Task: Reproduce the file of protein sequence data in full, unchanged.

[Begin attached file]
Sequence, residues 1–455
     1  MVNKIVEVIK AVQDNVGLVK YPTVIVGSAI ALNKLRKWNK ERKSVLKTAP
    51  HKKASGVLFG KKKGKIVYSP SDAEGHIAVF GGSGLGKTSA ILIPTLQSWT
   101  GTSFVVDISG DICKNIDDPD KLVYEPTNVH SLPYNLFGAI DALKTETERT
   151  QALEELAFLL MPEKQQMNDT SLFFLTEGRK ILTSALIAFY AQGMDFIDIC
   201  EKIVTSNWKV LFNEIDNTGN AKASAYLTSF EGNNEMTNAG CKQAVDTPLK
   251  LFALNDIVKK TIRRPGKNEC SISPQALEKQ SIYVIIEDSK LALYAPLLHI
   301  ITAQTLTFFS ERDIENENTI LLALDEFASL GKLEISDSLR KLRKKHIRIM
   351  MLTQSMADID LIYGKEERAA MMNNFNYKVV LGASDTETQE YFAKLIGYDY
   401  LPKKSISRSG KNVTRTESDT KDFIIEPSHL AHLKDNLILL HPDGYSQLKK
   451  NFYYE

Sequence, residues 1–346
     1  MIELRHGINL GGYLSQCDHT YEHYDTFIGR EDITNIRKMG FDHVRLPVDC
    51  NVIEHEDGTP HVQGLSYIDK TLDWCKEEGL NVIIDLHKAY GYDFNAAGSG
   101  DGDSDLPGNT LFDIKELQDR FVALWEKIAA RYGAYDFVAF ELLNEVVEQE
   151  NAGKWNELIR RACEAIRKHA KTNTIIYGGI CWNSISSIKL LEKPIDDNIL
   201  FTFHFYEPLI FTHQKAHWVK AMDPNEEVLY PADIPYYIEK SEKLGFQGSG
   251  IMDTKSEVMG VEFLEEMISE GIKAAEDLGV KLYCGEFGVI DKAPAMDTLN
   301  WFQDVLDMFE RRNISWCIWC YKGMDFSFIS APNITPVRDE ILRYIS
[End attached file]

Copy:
Sequence, residues 1–455
     1  MVNKIVEVIK AVQDNVGLVK YPTVIVGSAI ALNKLRKWNK ERKSVLKTAP
    51  HKKASGVLFG KKKGKIVYSP SDAEGHIAVF GGSGLGKTSA ILIPTLQSWT
   101  GTSFVVDISG DICKNIDDPD KLVYEPTNVH SLPYNLFGAI DALKTETERT
   151  QALEELAFLL MPEKQQMNDT SLFFLTEGRK ILTSALIAFY AQGMDFIDIC
   201  EKIVTSNWKV LFNEIDNTGN AKASAYLTSF EGNNEMTNAG CKQAVDTPLK
   251  LFALNDIVKK TIRRPGKNEC SISPQALEKQ SIYVIIEDSK LALYAPLLHI
   301  ITAQTLTFFS ERDIENENTI LLALDEFASL GKLEISDSLR KLRKKHIRIM
   351  MLTQSMADID LIYGKEERAA MMNNFNYKVV LGASDTETQE YFAKLIGYDY
   401  LPKKSISRSG KNVTRTESDT KDFIIEPSHL AHLKDNLILL HPDGYSQLKK
   451  NFYYE

Sequence, residues 1–346
     1  MIELRHGINL GGYLSQCDHT YEHYDTFIGR EDITNIRKMG FDHVRLPVDC
    51  NVIEHEDGTP HVQGLSYIDK TLDWCKEEGL NVIIDLHKAY GYDFNAAGSG
   101  DGDSDLPGNT LFDIKELQDR FVALWEKIAA RYGAYDFVAF ELLNEVVEQE
   151  NAGKWNELIR RACEAIRKHA KTNTIIYGGI CWNSISSIKL LEKPIDDNIL
   201  FTFHFYEPLI FTHQKAHWVK AMDPNEEVLY PADIPYYIEK SEKLGFQGSG
   251  IMDTKSEVMG VEFLEEMISE GIKAAEDLGV KLYCGEFGVI DKAPAMDTLN
   301  WFQDVLDMFE RRNISWCIWC YKGMDFSFIS APNITPVRDE ILRYIS